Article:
If - Then - Else
6 Feb 2008 @ 07:32AM

Updated: 25 Jan 2010 @ 07:33AM
The If - Then - Else is probably the most basic decision-making code you'll run across. It exists in every language I've ever learned and it always follows the same format. First a screenshot of a simple if - then - else statement.

If-Then-Else At Its Simplest

This is basically what I'm doing. I'm taking the name variable and seeing if it equals "Satis". "Satis" is a string (you can tell because it's surrounded by double quotes) and you know from the code before that name is a string. Thus I can use == to compare their contents. This is the If part of the if - then - else statement. If name does indeed == "Satis", the first section of the if statement is executed. This is the then section.

The then section adds "You are my master.
" to the end of the contentString string. However, if name does not == "Satis", the else statement is executed. In that case, instead of appending the master bit, I append "Serve me.
". Go ahead and try it out in a browser. So let's try something just a tad more complicated.
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If-Then-Else More Complicated

There's a lot more to this. Let's go over it peice by peice. First, you may notice it's not just if - then - else. In this case it's if - then - else if - else if - else if - else. The else if statements basically let you test a whole range of different statements. The first thing we do is check if name == "Satis" && occupation == "Code Monkey". The && means "and". Basically if the name is set to Satis and the occupation is set to Code Money, we append the "You are my master.<br>" string to contentString and then continue executing code. Note, we do NOT keep checking through the else ifs. Once you match one, you're done.

If the name is "Satis" and occupation is not "Code Monkey", we check the next statement. Now we're seeing if the name is "Satis" (again). However, intead of && we have ||. || means or. Thus if the name is Satis or the occupation is Goober, you get "That sucks.<br>" appended to the contentString.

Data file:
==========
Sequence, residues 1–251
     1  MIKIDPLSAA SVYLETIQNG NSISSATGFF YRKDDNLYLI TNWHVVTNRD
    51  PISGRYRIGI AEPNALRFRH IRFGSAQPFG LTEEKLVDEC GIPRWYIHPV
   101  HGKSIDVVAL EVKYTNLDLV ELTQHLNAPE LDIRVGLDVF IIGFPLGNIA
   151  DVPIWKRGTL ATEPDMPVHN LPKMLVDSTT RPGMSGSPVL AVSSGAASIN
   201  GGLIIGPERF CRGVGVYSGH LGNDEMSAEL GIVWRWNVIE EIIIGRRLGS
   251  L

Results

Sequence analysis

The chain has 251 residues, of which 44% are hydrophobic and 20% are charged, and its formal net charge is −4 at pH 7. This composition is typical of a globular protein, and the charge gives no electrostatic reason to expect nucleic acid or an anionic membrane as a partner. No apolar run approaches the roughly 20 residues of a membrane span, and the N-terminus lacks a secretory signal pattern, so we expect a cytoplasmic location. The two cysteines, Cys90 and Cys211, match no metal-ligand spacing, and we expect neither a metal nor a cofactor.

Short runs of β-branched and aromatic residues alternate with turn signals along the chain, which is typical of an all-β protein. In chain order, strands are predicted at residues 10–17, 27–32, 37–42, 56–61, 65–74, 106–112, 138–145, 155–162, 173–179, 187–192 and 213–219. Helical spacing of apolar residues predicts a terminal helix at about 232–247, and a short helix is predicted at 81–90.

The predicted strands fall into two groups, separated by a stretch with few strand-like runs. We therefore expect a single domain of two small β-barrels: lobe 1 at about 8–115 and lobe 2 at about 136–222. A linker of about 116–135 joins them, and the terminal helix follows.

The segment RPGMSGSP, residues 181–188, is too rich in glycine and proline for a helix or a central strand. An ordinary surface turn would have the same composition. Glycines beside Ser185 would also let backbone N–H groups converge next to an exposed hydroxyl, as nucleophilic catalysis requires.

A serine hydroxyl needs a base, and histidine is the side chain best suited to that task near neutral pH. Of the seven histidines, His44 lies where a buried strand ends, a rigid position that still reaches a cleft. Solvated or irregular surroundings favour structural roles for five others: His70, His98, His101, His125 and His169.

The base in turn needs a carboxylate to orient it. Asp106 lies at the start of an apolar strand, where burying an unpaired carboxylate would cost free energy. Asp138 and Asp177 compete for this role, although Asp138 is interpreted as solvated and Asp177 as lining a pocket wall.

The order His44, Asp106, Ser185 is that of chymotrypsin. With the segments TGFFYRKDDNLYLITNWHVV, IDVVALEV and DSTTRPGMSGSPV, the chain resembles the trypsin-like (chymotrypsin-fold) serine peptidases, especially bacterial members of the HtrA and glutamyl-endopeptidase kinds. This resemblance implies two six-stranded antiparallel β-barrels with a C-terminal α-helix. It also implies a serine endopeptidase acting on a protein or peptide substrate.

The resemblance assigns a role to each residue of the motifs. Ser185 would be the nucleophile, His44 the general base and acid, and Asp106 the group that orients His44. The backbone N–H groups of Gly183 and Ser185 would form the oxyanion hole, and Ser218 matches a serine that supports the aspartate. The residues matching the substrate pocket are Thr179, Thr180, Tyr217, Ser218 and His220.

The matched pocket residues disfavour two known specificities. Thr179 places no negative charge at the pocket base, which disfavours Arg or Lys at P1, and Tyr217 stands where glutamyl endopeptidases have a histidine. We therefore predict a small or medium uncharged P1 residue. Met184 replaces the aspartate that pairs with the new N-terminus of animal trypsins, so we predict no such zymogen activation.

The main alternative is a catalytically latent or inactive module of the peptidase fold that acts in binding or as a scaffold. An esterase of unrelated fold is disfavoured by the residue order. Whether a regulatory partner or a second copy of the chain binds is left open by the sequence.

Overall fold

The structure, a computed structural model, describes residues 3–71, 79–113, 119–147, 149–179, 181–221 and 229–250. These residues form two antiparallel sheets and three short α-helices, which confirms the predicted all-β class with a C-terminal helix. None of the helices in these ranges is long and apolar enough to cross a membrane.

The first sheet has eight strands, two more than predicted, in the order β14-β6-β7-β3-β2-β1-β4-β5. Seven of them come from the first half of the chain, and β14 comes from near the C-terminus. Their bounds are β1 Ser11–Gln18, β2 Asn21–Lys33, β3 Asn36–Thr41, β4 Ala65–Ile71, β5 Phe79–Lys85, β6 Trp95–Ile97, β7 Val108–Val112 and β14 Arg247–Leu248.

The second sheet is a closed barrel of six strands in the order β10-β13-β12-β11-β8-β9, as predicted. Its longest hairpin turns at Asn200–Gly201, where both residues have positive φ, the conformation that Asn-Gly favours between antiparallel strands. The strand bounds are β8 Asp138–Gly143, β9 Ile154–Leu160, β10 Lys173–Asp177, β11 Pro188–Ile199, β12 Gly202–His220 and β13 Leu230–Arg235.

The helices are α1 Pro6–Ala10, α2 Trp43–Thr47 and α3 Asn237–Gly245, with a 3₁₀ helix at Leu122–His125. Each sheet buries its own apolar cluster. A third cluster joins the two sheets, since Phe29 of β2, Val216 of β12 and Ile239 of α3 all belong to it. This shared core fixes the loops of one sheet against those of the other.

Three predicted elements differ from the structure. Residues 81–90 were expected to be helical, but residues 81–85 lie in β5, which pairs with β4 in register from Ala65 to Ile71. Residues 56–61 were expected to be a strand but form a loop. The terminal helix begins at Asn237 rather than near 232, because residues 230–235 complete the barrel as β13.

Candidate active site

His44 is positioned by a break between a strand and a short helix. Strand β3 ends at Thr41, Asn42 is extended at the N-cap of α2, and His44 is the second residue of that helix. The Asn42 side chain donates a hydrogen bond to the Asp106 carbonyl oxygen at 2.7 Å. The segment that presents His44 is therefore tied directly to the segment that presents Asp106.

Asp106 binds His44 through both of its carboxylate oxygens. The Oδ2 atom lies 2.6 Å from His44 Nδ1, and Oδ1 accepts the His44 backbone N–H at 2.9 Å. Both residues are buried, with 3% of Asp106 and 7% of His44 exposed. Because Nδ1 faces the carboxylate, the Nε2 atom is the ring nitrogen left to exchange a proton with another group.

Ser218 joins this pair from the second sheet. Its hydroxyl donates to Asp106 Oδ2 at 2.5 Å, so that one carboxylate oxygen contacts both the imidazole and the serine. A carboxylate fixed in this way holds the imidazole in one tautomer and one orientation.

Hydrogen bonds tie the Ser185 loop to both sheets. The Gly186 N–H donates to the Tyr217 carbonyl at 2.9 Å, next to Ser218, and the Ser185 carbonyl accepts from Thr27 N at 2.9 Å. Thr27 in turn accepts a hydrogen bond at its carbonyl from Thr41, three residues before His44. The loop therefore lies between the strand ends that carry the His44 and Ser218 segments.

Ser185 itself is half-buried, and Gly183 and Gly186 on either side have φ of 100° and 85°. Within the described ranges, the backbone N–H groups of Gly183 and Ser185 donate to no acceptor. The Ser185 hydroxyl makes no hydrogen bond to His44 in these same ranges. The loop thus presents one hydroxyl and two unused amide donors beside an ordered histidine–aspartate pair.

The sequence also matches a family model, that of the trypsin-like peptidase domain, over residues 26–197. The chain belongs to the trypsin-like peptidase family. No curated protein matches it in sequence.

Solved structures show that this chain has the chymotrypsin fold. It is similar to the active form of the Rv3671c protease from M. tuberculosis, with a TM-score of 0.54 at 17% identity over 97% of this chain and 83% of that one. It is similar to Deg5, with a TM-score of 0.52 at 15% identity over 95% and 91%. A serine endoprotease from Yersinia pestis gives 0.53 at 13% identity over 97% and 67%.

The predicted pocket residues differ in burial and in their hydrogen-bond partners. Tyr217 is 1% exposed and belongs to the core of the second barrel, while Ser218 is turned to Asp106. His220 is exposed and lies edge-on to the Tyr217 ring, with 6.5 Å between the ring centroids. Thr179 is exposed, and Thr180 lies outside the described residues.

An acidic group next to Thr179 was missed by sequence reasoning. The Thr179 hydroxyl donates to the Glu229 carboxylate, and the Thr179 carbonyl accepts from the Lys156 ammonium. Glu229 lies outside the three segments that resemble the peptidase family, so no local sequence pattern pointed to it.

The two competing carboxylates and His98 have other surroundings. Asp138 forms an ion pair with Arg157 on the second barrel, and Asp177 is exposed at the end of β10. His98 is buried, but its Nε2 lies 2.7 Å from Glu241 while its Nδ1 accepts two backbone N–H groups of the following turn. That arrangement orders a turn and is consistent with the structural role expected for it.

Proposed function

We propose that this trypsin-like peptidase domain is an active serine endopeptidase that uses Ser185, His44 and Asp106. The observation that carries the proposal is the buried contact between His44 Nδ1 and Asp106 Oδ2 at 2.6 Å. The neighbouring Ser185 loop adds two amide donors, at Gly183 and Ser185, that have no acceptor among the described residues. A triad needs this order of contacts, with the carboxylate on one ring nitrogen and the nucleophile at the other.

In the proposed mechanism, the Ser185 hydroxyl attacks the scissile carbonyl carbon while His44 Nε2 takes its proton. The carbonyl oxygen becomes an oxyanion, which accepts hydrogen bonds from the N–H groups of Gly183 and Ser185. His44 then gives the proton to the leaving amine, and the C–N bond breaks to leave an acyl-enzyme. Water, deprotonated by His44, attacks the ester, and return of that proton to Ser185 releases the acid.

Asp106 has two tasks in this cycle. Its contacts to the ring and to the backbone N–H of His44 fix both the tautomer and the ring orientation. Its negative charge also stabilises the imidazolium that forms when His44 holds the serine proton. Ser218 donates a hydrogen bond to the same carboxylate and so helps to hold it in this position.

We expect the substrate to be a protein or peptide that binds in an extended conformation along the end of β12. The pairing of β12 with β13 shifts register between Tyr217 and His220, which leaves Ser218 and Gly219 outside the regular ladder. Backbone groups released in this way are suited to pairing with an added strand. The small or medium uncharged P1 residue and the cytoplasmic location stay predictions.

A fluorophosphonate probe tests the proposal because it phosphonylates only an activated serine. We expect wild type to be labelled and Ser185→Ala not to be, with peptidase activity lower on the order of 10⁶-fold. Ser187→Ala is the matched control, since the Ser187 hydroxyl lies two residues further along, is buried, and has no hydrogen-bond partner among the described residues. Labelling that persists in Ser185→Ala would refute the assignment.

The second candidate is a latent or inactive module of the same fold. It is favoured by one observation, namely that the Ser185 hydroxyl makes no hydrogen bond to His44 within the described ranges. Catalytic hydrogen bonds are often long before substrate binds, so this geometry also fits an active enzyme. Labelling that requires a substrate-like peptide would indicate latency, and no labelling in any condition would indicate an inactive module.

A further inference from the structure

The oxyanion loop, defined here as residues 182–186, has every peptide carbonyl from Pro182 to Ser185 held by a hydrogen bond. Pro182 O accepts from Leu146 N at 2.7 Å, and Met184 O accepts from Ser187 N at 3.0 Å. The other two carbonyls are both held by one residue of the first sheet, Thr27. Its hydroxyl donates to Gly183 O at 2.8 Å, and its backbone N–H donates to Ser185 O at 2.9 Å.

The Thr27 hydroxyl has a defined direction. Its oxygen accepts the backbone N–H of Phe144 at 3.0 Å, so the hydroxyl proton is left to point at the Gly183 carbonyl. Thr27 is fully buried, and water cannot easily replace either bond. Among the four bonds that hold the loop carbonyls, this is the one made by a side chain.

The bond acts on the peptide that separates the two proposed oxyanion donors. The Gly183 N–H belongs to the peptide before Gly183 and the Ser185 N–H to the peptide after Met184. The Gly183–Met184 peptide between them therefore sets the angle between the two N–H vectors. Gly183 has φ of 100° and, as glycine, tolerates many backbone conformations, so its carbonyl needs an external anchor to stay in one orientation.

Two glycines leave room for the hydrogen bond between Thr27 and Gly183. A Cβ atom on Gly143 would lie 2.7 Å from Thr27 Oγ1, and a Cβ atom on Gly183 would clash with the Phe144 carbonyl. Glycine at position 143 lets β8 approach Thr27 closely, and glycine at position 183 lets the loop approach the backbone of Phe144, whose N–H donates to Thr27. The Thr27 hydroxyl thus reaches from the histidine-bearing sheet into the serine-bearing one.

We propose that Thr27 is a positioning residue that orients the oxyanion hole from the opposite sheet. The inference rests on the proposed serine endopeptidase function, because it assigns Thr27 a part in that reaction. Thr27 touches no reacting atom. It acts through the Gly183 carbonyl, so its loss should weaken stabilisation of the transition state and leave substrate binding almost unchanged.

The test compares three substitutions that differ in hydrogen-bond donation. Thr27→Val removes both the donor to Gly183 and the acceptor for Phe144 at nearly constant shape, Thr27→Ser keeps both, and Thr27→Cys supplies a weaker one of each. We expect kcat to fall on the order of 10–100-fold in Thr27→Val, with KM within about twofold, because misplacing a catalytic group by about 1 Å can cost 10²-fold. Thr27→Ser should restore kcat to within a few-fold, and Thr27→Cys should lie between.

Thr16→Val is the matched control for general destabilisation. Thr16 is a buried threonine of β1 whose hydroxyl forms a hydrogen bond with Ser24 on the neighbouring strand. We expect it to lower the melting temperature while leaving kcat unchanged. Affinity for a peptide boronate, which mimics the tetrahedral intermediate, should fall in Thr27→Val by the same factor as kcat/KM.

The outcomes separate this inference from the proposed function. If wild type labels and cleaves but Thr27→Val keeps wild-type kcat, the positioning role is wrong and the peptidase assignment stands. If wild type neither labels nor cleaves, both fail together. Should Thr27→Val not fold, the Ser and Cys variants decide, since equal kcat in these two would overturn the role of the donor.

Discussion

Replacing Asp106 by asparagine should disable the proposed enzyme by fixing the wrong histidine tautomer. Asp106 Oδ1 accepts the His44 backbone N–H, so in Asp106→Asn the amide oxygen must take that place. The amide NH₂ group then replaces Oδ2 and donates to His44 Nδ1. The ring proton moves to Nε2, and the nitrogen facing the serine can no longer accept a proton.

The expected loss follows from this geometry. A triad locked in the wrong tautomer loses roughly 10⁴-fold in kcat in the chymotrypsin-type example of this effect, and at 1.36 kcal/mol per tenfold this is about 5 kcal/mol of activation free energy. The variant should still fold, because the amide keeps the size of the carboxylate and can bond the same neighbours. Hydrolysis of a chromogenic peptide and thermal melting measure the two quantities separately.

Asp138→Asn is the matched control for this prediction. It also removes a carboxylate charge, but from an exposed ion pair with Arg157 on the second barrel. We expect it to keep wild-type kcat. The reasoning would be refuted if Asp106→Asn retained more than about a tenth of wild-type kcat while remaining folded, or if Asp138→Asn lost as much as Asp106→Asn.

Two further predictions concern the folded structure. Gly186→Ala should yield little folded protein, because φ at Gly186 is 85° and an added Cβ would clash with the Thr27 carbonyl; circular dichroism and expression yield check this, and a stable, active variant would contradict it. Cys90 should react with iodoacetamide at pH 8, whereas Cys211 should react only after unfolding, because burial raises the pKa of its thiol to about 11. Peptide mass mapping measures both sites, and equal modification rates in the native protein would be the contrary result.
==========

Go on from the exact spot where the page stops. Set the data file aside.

If we still haven't made a match, we check if name == "Shiny" and, if so, we append "You rock.<br>" to the contentString. Pretty straight forward, right?

The next statement has some parenthesis in it. You may remember from math the concept of grouping operations. Basically any operations inside parenthesis are executed first, then operations are executed in order. In this case we're seeing if the name is either "Pig" or "Ox". Once we've checked that, we see if their occupation == "Grabber". If the name is either Pig or Ox and they're Grabbers, we append the "Don't grab me.<br>" string to contentString. What would have happened if we didn't have those parenthesis in there? Due to order of operations the statement would have returned true if the name was Pig, period. The occupation would never have been checked. Meanwhile, Ox would have had to be a Grabber before this statement evaluated as true. When doing statements like this, always remember to group properly. Grouping items that don't necessarily need to be grouped won't cause any problems, but forgetting to group things can cause confusing behavior from your application.

The only time you really need to worry about grouping is when using an or (||) operator. If all you have is and (&&) operators, grouping doesn't really affect much. However, if you're using math in your comparison than group may very well be important. For instance, you could do something like: if((x^2 + 5)/10 >= 8). In this case, we take the variable x, square it, add 5, then divide all of that by 10. If the result is greater than or equal to 8, the if statement is satisfied. However, what happens if you write it without the parenthesis? if(x^2 + 5 / 10 >=8). Since division comes before addition in order of operations, you would get x squared + 2. Big difference.

Finally, if none of the other criteria are met, we return the default response of "Serve me.<br>". Do we need this else on there? No. If you have a series of conditions like above but don't want an else statement, just leave it off. The following is perfectly valid code, though you may notice the last statement lacks parenthesis around the or section. As such, Pig will always match it, while Ox will only match if he's a grabber..

Else Isn't Required

Once again, this is a really important section to understand. If there's any confusion, play around with it. Try matching occupations, names, dates, whatever. On the next page we'll continue with ternary operations, a special version of the if - then - else statement.
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